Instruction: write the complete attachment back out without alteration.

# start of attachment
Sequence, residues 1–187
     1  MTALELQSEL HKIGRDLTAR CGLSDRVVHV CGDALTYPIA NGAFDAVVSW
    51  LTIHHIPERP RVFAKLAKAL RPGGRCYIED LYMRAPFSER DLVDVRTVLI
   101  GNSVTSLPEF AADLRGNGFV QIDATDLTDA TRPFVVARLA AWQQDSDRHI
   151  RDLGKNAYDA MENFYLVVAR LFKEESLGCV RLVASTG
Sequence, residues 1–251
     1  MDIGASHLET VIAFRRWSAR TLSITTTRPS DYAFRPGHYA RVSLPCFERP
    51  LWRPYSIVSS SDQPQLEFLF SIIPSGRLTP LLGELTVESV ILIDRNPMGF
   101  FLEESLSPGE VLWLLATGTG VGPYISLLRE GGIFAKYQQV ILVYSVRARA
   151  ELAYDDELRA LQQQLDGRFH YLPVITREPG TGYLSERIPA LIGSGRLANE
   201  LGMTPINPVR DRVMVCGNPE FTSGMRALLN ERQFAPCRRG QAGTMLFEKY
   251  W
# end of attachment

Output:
Sequence, residues 1–187
     1  MTALELQSEL HKIGRDLTAR CGLSDRVVHV CGDALTYPIA NGAFDAVVSW
    51  LTIHHIPERP RVFAKLAKAL RPGGRCYIED LYMRAPFSER DLVDVRTVLI
   101  GNSVTSLPEF AADLRGNGFV QIDATDLTDA TRPFVVARLA AWQQDSDRHI
   151  RDLGKNAYDA MENFYLVVAR LFKEESLGCV RLVASTG
Sequence, residues 1–251
     1  MDIGASHLET VIAFRRWSAR TLSITTTRPS DYAFRPGHYA RVSLPCFERP
    51  LWRPYSIVSS SDQPQLEFLF SIIPSGRLTP LLGELTVESV ILIDRNPMGF
   101  FLEESLSPGE VLWLLATGTG VGPYISLLRE GGIFAKYQQV ILVYSVRARA
   151  ELAYDDELRA LQQQLDGRFH YLPVITREPG TGYLSERIPA LIGSGRLANE
   201  LGMTPINPVR DRVMVCGNPE FTSGMRALLN ERQFAPCRRG QAGTMLFEKY
   251  W